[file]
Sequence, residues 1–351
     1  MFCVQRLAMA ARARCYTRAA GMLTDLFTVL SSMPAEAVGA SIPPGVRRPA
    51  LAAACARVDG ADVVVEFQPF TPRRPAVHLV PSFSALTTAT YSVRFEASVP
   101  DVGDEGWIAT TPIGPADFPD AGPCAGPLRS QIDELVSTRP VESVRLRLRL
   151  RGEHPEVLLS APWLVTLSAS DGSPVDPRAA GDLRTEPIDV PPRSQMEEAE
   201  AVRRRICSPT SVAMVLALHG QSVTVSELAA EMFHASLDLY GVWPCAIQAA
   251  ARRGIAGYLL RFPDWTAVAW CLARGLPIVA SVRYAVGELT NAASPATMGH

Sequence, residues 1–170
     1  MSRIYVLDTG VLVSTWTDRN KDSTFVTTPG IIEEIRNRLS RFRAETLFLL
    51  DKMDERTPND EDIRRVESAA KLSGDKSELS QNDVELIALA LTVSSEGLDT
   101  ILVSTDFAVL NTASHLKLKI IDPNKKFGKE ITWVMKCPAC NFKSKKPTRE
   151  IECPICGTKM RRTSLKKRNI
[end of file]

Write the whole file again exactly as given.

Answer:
Sequence, residues 1–351
     1  MFCVQRLAMA ARARCYTRAA GMLTDLFTVL SSMPAEAVGA SIPPGVRRPA
    51  LAAACARVDG ADVVVEFQPF TPRRPAVHLV PSFSALTTAT YSVRFEASVP
   101  DVGDEGWIAT TPIGPADFPD AGPCAGPLRS QIDELVSTRP VESVRLRLRL
   151  RGEHPEVLLS APWLVTLSAS DGSPVDPRAA GDLRTEPIDV PPRSQMEEAE
   201  AVRRRICSPT SVAMVLALHG QSVTVSELAA EMFHASLDLY GVWPCAIQAA
   251  ARRGIAGYLL RFPDWTAVAW CLARGLPIVA SVRYAVGELT NAASPATMGH

Sequence, residues 1–170
     1  MSRIYVLDTG VLVSTWTDRN KDSTFVTTPG IIEEIRNRLS RFRAETLFLL
    51  DKMDERTPND EDIRRVESAA KLSGDKSELS QNDVELIALA LTVSSEGLDT
   101  ILVSTDFAVL NTASHLKLKI IDPNKKFGKE ITWVMKCPAC NFKSKKPTRE
   151  IECPICGTKM RRTSLKKRNI